The United States is moving towards the deployment of advanced robotic combat aircraft.  The defense media is producing a plethora of articles saying the future of aerial warfare is unmanned.  Is it?

Unmanned air vehicles are already a common sight over battlefields and their numbers will rise.  Yet, the Russo-Ukrainian War has shown the vulnerability of existing UAVs flying in contested airspace.  Losses within the UAV fleets of both sides of this conflict are extremely high.

Looking to the future, the United States is developing a Collaborative Combat Aircraft (CCA), an advanced robotic system capable of surviving in high-threat environments.  Details are sparse.

The Pentagon selected General Atomics and Anduril on April 24 for the Increment 1 phase of this competition.

Anduril’s CCA design. Image – Anduril

General Atomics CCA design. Image – General Atomics

The initial objective is to provide a robotic air vehicle that can operate in conjunction with manned platforms.  At first, the CCA will act as a weapons platform, but other missions could be added in the future.

The first version of the CCA is to be available before 2030.  The Pentagon might limit the sophistication of this model in order to meet its deployment goal.  With a lower level of autonomy will the CCA be able to survive in contested airspace?  How great will be the burden of operating CCAs on human pilots of single-seat fighters?  How quickly can CCAs be integrated with the existing force structure?

The Pentagon said it envisioned purchasing upwards of 100 CCAs per year.  Such a high figure might not be possible if the CCA’s price begins to climb (prices range from $2-3 million to $15-30 million apiece or more).  Similar high-end unmanned aircraft design programs in the past experienced significant unit price growth, as well as numerous development delays.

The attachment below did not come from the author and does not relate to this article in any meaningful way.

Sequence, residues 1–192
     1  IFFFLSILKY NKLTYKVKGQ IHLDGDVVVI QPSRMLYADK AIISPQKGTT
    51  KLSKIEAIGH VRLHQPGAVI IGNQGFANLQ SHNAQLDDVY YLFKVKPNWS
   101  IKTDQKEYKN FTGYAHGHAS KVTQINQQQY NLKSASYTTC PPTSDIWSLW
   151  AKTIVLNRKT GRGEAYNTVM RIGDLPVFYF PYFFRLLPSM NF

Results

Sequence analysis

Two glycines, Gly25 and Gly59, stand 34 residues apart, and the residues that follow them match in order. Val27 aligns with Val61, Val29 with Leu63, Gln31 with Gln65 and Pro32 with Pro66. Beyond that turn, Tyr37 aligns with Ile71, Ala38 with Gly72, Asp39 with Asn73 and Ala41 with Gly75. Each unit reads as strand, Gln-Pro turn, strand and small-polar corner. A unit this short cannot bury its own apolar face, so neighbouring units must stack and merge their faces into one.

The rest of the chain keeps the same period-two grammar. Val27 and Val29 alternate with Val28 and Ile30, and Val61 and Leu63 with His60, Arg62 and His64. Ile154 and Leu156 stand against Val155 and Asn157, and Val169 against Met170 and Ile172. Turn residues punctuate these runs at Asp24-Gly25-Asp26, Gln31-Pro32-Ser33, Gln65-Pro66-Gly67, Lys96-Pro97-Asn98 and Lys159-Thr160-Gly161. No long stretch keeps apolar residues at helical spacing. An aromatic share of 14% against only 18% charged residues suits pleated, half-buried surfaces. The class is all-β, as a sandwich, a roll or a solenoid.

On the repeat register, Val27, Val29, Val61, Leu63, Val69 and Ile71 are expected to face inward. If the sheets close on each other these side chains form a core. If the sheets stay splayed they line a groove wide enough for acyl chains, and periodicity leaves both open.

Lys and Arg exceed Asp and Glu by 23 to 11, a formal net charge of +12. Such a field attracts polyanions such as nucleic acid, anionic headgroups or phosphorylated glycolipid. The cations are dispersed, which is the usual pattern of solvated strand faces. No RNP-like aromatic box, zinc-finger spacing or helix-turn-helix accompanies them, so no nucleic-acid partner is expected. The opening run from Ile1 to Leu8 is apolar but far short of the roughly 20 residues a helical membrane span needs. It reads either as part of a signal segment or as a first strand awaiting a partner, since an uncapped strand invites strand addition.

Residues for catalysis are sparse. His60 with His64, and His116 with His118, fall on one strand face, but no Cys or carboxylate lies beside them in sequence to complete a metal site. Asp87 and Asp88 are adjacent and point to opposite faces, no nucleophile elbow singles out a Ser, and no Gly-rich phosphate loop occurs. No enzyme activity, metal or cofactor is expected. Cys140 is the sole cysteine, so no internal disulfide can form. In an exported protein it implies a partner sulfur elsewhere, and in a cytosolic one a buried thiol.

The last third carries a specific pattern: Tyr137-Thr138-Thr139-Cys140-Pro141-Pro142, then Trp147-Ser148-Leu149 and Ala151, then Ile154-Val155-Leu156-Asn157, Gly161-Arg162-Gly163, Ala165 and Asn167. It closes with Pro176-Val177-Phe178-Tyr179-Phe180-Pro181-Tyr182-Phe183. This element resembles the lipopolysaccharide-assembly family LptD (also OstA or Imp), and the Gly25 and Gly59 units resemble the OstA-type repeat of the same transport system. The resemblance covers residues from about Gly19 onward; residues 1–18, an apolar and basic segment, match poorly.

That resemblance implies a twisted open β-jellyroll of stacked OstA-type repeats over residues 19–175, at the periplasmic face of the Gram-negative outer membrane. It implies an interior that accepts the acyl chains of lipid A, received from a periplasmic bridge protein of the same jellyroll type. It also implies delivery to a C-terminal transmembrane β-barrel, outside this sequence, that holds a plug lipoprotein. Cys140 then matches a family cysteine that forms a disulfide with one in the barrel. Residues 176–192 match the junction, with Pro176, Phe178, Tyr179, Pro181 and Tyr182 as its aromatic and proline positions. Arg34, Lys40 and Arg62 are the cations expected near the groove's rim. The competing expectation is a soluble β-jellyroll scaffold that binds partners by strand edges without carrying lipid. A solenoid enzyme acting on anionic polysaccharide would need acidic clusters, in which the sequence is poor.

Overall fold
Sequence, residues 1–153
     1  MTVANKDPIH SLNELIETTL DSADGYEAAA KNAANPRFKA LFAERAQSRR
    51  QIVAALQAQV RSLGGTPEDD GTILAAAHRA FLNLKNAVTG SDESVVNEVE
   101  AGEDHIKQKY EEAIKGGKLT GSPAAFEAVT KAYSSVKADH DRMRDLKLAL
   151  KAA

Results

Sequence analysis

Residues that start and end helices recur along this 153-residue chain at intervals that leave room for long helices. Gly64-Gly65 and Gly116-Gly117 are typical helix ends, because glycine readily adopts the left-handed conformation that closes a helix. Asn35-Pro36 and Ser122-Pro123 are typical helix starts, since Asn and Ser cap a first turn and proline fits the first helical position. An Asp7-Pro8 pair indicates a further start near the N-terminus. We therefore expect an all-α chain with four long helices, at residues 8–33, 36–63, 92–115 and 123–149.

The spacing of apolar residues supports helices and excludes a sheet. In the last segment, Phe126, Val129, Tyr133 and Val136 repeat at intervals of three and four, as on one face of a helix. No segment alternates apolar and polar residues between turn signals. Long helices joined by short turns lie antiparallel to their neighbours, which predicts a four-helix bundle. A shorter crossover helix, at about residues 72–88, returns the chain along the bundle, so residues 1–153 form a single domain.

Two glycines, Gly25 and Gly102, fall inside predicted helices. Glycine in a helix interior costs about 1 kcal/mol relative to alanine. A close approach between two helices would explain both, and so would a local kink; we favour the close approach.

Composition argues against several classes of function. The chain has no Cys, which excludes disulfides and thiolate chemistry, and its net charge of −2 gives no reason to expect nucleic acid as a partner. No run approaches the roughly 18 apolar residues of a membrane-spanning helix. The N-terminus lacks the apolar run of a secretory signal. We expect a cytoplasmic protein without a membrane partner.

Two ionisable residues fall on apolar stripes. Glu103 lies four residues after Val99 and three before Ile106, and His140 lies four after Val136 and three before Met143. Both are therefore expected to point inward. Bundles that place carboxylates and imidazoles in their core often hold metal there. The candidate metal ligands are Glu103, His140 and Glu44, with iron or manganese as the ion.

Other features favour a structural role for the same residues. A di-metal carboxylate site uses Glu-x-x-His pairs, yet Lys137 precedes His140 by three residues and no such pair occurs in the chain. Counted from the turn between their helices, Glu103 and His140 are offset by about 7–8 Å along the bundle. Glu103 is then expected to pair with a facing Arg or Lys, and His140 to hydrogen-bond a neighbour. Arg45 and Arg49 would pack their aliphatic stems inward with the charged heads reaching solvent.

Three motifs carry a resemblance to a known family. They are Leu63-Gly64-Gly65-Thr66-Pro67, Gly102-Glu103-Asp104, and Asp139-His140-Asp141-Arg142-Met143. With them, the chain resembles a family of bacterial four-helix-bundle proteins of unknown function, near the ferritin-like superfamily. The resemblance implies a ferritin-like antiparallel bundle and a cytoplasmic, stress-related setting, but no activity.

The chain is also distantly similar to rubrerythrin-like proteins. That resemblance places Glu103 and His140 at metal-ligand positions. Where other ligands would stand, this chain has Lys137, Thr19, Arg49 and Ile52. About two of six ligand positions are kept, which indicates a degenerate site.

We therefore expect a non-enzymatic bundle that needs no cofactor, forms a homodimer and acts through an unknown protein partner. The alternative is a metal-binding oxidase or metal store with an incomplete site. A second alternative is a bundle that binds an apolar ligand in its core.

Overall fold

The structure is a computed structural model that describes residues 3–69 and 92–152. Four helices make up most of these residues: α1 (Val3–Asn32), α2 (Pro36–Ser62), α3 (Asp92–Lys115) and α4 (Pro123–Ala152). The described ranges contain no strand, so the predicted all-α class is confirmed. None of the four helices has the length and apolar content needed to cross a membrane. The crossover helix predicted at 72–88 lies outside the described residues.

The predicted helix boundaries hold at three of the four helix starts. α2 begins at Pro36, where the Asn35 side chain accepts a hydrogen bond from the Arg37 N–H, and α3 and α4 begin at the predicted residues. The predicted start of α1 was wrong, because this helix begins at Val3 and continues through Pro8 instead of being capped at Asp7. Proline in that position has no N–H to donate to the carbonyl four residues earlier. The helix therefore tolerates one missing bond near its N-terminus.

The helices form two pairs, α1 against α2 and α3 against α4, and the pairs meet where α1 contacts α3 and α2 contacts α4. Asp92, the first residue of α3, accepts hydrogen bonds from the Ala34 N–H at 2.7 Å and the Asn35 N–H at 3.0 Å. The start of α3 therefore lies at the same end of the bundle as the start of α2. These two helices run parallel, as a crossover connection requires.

Making the CCA more survivable and autonomous will add to its cost.  This could fuel the already existing disquiet in some sections of the Pentagon and Congress.  Certain groups see the CCA as a threat to funding for traditional manned fighter aircraft programs.

Should the price of the CCA rise, will it acquire a new descriptive adjective?  Will “expendable” and “attritable” be replaced by “replaceable” or “consumable”?  Is losing one or two per mission acceptable?  What is?

Perhaps the past can provide insights into the CCA’s future.

In the First World War, the life expectancy of an Allied fighter pilot was 10 weeks.  The average life expectancy of a British Spitfire fighter pilot was four weeks during the Battle of Britain (July 10-October 31, 1940).  The average life expectancy of an Eighth Air Force B-17 bomber crew in late 1943 was 11 missions.

Casualties among German fighter pilots skyrocketed in 1943 and soon the Luftwaffe could no longer replace its personnel losses.  Into the modern aerial warfare caldron, the Pentagon plans to throw an autonomous robot.  A late-war Imperial Japanese pilot, some entering combat with as little as 90 flight hours, could probably relate.